Auxilliaries having a laugh in 1920’s Ireland
If any single day can sum up a war the events of Bloody Sunday in Dublin, 99 years ago today, do just that.
Early in the morning the Irish leaders of the War of Independence; Michael Collins and Cathal Brugha, despatched IRA squads to assassinate a list of 35 British Intelligence Officers and informers.
There were mistakes made, and many failures, but when the smoke settled 14 men were killed and six were wounded, one mortally. Two of the killings were mistakes, what the military today terms “collateral damage”. One IRA volunteer was captured, but later escaped. Another was injured; shot in the hand.
The work of the morning was highly effective in dismantling the British Intelligence operation. Many of the surviving intelligence agents holed up in Dublin Castle and were unable to carry out further work for fear of their lives. The list of targets clearly demonstrated that the secrecy of the agents had been compromised.
The retaliation by the British was a complete and utter Public Relations disaster. Dublin and Tipperary were playing a football match in Croke Park that afternoon. The British forces thought that it would be a good idea to drive into a football stadium and announce by megaphone that all men were to be searched.
One and a half years previously the British under General Dyer slaughtered over 400 civilians in Amritsar in the Punjab, India. In that context it is inconcievable to believe that British Authorities thought it might be a good idea to send armed men into a football stadium. But they did.
They never got to announce their intention to the crowd. A column of British soldiers approached from Clonliffe road to the North. A mixed column of Black and Tans, regular RIC and led by Auxiliaries approached from the Canal end to the South. The Black & Tans started shooting as soon as they entered the ground.
The result was predictable. A mad scramble to safety by the crowd and loss of all control of both the crowd and of the Crown forces. The combined troops and police fired 114 rounds of rifle ammunition, 50 rounds of machine gun ammunition from an armoured car stationed outside the ground and the revolver ammunition was not documented. The machine gunner at least had wits enough to fire in the air over the heads of the crowd.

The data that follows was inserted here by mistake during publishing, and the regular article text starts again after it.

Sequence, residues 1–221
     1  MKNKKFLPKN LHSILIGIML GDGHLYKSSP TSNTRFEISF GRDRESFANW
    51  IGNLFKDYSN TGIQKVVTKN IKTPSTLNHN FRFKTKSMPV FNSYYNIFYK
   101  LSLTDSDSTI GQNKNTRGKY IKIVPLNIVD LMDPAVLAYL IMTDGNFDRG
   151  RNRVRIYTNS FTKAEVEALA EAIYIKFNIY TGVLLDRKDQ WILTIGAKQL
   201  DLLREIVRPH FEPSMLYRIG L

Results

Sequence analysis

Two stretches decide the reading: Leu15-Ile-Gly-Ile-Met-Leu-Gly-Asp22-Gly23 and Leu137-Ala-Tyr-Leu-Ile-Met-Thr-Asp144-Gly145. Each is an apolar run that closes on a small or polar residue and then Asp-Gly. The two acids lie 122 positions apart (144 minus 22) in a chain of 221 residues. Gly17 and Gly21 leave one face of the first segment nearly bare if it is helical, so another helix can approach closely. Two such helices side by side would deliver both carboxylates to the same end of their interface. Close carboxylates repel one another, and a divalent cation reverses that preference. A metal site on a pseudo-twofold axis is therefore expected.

Seven were shot to death, one of whom was the Tipperary Goal Keeper; Michael Hogan. Five more were mortally wounded and died later. Two more were trampled to death. Dozens more were shot, wounded and survived and many more were wounded in the scramble to safety.
None of the security forces was killed or wounded in the action.
Later that night three men who were being detained in Dublin Castle as suspects in planning the assassinations were shot to death, supposedly while trying to escape.
Bloody Sunday removed any final sympathy for the Crown position that might have lingered in even the most West British parts of leafy south county Dublin. The behaviour of the Black & Tans was recognised as the actions of rabid dogs, unordered, and “exceeding the demands of the situation”.
The finding of the British military courts of enquiry were suppressed, and some of the senior British Officers on the ground resigned their commissions in protest at Government’s tacit support of the actions of both Military and Police forces on the day.
That was the day Britain lost Ireland.